The ability to grow organoids - 3D cultures of pancreatic tissue - in the lab promises to transform pancreatic cancer research and pave the way for new personalized treatments.
The researchers report how they used the new organoid technique to grow pancreatic tissue from cells isolated from lab mice and human patients in the journal Cell.
There is a desperate need for radical new approaches in the fight against pancreatic cancer - a deadly disease where only 6% of patients live more than 5 years after diagnosis. It is notoriously difficult to spot pancreatic cancer in the early stages and most cases are only diagnosed after it has started to spread.
Estimates from the National Cancer Institute for the US suggest in 2014 there were over 46,400 new cases of pancreatic cancer, and over 39,500 deaths to the disease.
The new study is a significant step forward, as David Tuveson, co-leader of the study and professor at Cold Spring Harbor Laboratory (CSHL), NY, and Director of Research for The Lustgarten Foundation, NY, notes:
"With this development, we are now able to culture both mouse and human organoids, providing a very powerful tool in our fight against pancreatic cancer."
Researchers will be able to examine molecular pathways of pancreatic cancer
The new organoid technique means researchers will be able to examine what happens at the molecular level to drive the disease and look for new drug targets.
To study a disease like cancer - which develops when cells malfunction and spread - you need a steady supply of normal and cancerous cells that can be grown in the lab.
But normal and cancerous pancreatic cells are extremely difficult to grow in the lab. This is further complicated by the fact the cancer arises in pancreatic ductal cells - which account for only around 10% of the cells in the organ - making it hard to track the small, cell-level changes that accompany tumor progression.
Because of these difficulties, researchers tend to use genetically engineered mice rather than tissue cultures to study pancreatic cancer in the lab. But it can take up to a year to breed the number and type of mice required for a particular investigation.
Organoids will allow labs to grow 3D pancreatic tissue entirely of ductal cells
The potential to use organoids is a game changer for pancreatic cancer research. It means researchers can grow 3D tissue made entirely of ductal cells, uncontaminated by the other types of cell that normally accompany them when retrieved from samples.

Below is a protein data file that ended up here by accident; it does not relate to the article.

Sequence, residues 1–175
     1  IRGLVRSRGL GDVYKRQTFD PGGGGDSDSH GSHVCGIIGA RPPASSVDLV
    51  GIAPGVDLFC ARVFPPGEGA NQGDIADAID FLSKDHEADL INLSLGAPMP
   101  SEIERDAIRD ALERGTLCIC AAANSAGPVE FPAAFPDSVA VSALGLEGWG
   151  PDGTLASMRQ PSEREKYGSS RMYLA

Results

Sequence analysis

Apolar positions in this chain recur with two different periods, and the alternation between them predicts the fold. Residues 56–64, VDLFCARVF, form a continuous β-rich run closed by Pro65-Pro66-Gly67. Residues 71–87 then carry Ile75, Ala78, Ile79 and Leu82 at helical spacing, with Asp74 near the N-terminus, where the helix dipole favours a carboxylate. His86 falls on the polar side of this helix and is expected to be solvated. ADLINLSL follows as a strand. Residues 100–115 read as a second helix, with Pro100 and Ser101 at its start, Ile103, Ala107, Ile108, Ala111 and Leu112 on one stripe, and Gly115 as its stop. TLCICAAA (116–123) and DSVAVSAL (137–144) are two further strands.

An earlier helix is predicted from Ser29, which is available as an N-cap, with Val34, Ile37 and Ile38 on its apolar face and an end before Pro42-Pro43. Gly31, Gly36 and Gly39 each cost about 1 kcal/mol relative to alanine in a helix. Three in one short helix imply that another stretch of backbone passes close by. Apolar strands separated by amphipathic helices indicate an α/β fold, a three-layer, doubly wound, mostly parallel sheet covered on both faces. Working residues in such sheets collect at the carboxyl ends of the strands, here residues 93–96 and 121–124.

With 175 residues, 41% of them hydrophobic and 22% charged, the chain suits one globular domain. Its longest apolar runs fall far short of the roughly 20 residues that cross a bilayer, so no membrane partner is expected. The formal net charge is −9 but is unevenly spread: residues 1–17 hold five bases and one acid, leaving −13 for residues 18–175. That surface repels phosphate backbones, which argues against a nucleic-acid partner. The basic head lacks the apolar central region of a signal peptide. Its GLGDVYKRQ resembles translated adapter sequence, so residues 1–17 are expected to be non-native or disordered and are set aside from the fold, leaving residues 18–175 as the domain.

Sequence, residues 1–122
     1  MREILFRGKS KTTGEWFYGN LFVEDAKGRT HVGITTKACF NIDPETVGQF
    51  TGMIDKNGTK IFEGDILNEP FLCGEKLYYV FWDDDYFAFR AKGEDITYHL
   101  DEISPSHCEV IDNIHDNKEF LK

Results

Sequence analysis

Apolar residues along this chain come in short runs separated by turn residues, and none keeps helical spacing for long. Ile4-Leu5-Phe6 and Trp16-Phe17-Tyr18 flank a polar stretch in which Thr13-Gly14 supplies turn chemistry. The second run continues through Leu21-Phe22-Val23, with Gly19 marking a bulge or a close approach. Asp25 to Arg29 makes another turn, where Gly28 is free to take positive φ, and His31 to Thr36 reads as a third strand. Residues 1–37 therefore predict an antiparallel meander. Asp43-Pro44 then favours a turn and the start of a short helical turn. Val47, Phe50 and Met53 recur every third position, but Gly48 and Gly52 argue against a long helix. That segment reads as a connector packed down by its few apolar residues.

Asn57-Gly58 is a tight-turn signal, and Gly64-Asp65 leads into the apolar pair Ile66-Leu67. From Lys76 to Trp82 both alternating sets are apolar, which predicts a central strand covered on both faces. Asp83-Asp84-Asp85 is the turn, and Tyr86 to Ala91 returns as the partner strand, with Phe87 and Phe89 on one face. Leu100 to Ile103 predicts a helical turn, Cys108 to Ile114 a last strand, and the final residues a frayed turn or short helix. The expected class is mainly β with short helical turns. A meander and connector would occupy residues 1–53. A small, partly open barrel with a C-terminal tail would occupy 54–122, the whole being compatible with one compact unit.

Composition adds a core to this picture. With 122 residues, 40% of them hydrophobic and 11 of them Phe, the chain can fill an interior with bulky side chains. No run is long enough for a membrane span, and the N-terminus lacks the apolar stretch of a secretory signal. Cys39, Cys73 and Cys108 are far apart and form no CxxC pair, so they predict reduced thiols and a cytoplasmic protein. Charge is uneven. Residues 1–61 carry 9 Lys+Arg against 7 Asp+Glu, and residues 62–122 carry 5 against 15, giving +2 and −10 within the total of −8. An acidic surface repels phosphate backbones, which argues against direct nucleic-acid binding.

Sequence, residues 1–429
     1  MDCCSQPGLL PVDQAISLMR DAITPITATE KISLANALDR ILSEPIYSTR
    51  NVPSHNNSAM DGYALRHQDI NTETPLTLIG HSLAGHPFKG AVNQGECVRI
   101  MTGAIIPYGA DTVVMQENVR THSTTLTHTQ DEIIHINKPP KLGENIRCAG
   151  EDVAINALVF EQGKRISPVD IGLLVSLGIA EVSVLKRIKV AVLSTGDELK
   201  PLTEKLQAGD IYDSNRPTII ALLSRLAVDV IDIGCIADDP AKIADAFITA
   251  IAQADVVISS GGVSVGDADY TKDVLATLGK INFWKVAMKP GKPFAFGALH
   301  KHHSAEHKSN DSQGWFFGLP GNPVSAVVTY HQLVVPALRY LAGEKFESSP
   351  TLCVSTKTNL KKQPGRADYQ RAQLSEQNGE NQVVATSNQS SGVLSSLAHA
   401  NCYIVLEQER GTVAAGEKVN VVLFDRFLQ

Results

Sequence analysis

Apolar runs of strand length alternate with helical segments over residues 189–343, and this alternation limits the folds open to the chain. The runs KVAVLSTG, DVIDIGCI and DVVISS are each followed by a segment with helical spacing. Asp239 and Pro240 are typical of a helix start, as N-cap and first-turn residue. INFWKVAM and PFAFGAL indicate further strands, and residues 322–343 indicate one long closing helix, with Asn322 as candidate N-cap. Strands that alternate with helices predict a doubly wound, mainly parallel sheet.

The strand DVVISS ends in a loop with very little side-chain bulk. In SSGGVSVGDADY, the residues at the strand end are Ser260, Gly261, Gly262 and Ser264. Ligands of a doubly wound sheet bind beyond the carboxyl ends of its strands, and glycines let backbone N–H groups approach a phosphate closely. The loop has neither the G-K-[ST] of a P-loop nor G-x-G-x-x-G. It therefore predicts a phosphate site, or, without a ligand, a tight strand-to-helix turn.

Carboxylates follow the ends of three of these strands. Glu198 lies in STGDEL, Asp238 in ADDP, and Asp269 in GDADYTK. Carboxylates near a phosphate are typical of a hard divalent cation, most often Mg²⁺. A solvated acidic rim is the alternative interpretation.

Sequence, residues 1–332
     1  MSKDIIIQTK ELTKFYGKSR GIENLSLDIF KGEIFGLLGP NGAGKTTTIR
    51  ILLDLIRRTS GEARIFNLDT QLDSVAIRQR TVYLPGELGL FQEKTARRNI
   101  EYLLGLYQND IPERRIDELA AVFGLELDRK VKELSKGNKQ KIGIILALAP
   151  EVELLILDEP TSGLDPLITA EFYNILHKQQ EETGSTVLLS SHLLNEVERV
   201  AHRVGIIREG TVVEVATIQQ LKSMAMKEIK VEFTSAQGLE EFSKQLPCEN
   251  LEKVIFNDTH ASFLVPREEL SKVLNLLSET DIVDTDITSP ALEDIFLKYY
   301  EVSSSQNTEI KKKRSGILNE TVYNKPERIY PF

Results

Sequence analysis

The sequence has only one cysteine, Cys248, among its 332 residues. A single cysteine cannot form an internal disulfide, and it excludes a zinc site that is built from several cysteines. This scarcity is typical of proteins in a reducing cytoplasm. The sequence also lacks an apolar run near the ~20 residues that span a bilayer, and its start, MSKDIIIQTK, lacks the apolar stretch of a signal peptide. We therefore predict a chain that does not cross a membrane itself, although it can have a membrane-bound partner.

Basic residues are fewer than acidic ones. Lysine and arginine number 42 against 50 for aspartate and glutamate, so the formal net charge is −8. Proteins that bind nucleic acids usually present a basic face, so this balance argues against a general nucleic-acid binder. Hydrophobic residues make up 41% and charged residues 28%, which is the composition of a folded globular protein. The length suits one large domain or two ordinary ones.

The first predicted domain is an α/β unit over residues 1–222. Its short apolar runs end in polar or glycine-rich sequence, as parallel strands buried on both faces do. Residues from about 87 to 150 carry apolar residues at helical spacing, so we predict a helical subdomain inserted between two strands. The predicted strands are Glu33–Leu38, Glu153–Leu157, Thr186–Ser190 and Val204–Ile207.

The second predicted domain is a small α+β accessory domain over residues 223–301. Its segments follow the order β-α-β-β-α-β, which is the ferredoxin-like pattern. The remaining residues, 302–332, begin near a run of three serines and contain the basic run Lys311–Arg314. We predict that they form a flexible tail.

The organoids grow as 3D hollow spheres in a gel-like complex filled with growth-inducing factors and connecting fibers. When the organoids are big enough, they can be transplanted into mice, where they develop fully into pancreatic cancer.
Co-lead author Dr. Chang-Il Hwang, who works in Prof. Tuveson's group at CSHL, says, "We now have a model for each stage in the progression of the disease."
Another advantage the new technique brings is to broaden the scope of patients from whom pancreatic tissue can be obtained.
Currently, researchers have limited access to patient samples, which can only be obtained during surgery or autopsy. However, only around 15% of pancreatic cancer patients are eligible for surgery by the time they are diagnosed - either because the disease is too advanced, or because the tumor is entwined in critical blood vessels.
But the new technique the study describes allows scientists to grow organoids from material obtained in biopsies which are used to diagnose pancreatic cancer.
Thus the study shows there is a way to grow 3D tissue in the form of organoids relatively quickly from any pancreatic cancer patient, offering the potential to study the disease in a much wider population.
The team is now working with the National Cancer Institute to build a repository of pancreatic tumor samples that they hope to make available to all pancreatic cancer researchers.
In October 2014, Medical News Today reported another study where researchers grew fully functional organoids of human intestines and successfully transplanted them into mice. The team in that study - from Cincinnati Children's Hospital Medical Center - also hopes the technique means we will eventually be able to grow personalized human tissue, in their case for the treatment of gastrointestinal diseases.